Deliberate Cruelty Falls Short in Portrayal of Ann Woodward

In Deliberate Cruelty, author Marymont Montillo presents speculation and rumour surrounding Truman Capote’s portrayal of socialite Ann Woodward in his unfinished novel Answered Prayers. Montillo suggests that the depiction was a way for Capote to get revenge on Woodward, whom he supposedly disliked because she reminded him of his own mother. However, the book fails to address the larger issue of misogyny and classism at play in Woodward’s story.

In recent years, exonerated murder suspect Amanda Knox has spoken out about the media’s tendency to mix fact with gendered speculation in true crime stories. This critique can also be applied to Montillo’s portrayal of Woodward, who faced slut-shaming and isolation from her former social circle.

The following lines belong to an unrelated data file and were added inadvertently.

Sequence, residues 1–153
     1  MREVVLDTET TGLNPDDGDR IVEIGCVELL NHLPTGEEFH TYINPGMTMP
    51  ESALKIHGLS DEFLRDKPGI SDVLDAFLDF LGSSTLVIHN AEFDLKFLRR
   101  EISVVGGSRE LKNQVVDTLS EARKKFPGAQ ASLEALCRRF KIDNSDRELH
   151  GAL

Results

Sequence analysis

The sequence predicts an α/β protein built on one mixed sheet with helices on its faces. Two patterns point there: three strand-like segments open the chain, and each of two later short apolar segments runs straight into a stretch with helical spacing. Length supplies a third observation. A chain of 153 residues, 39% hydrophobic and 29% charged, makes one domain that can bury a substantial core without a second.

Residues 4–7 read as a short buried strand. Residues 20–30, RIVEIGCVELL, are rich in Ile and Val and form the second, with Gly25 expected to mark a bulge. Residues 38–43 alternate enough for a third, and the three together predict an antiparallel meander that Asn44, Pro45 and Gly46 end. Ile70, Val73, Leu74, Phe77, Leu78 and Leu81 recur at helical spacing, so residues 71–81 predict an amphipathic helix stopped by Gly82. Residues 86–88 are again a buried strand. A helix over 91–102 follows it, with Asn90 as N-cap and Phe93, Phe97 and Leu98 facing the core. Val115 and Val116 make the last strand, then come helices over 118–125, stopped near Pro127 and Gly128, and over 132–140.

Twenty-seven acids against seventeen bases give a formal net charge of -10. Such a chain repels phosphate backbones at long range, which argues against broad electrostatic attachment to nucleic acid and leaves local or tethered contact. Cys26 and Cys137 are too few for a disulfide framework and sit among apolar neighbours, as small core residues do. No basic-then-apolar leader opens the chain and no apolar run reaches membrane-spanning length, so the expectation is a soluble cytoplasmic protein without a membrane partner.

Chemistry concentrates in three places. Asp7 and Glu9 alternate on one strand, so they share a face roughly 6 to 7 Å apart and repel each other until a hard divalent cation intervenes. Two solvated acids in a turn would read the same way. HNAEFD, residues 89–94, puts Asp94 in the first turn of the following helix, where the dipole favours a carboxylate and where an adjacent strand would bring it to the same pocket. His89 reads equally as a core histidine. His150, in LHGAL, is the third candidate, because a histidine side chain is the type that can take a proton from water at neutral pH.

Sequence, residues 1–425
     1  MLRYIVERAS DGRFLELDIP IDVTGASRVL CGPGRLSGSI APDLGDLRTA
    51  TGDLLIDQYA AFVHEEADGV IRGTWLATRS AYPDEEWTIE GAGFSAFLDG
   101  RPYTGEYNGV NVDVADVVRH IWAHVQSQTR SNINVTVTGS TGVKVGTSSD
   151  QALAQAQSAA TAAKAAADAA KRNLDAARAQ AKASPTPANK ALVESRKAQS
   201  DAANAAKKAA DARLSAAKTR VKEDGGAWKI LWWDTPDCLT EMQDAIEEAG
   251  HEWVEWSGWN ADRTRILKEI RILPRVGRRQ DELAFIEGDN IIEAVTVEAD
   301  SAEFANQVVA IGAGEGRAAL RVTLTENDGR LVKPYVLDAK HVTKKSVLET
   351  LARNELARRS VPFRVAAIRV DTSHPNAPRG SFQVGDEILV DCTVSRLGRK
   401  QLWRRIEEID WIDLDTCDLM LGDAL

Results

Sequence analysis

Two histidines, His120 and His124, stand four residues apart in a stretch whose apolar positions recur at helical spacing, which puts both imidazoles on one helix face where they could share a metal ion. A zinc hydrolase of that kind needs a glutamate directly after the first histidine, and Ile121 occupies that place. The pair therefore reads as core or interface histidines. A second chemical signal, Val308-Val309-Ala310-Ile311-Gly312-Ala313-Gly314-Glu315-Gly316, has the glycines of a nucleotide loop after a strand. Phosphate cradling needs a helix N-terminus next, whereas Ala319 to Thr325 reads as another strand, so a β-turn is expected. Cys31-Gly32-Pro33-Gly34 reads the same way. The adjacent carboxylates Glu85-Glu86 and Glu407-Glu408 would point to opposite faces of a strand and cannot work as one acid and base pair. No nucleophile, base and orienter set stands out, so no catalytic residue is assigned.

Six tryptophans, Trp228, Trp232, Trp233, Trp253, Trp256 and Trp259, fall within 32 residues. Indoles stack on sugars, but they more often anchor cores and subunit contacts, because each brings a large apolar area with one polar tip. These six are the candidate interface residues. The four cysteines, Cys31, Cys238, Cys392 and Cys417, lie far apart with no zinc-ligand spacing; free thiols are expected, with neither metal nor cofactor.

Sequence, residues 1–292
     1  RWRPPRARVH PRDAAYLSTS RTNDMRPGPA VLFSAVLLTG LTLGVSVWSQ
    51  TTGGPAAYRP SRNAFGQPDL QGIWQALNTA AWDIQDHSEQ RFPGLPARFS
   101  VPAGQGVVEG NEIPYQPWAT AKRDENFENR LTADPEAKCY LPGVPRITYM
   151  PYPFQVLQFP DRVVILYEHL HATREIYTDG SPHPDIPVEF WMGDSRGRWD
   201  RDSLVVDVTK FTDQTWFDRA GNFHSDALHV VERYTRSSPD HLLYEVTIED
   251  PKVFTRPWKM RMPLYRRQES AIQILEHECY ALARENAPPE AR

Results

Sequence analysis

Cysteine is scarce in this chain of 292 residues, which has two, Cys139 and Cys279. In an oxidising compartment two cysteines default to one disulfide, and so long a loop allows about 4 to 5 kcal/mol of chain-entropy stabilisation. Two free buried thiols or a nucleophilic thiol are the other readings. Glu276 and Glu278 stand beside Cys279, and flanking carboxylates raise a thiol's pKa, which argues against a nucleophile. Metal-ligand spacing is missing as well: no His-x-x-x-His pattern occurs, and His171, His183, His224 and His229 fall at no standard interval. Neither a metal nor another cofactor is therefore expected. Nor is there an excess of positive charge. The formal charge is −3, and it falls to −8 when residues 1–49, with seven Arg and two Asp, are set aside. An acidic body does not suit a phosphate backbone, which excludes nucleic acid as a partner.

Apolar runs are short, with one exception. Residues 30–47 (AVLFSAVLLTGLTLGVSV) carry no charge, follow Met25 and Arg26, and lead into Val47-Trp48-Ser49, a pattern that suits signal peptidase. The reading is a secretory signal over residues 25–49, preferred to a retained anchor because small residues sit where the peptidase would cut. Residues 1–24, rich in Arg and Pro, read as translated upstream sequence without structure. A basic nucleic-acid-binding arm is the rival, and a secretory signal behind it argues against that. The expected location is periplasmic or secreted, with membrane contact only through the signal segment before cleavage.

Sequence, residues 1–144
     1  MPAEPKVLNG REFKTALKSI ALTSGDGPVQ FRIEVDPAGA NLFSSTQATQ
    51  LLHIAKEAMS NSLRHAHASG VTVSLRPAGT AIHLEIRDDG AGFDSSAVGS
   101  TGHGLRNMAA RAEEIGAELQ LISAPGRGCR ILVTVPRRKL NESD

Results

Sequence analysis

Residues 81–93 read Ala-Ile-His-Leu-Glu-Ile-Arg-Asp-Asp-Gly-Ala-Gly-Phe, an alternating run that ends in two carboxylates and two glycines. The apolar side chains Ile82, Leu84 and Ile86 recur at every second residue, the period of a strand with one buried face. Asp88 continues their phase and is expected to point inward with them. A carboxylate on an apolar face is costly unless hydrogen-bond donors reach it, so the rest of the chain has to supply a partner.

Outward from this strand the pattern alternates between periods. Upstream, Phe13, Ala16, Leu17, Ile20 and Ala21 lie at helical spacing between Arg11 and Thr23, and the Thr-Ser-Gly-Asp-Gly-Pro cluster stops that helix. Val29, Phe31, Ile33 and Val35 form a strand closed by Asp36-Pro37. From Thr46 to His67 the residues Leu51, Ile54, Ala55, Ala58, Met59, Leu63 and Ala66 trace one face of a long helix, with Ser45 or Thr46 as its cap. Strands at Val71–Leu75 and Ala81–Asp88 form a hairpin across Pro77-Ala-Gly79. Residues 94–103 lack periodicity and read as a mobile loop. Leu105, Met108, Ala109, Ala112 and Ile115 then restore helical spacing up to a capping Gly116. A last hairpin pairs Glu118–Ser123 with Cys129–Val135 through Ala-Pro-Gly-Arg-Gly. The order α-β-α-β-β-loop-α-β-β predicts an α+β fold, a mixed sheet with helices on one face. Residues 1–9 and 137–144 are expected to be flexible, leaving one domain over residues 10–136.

The book also speculates that Woodward’s suicide, three days before an excerpt of Answered Prayers was set to be published in Esquire, may have been related to the story’s revival of a past scandal. However, there is no evidence that Woodward was aware of this particular excerpt or that it was the sole factor in her death. The book fails to acknowledge that Woodward may have been struggling with mental health issues and the suicides of her two sons in the years following her own death.

Overall, Deliberate Cruelty presents a one-sided and incomplete picture of Ann Woodward and the events surrounding her death. It fails to delve deeper into the societal forces at play and instead focuses on salacious rumors and speculation.

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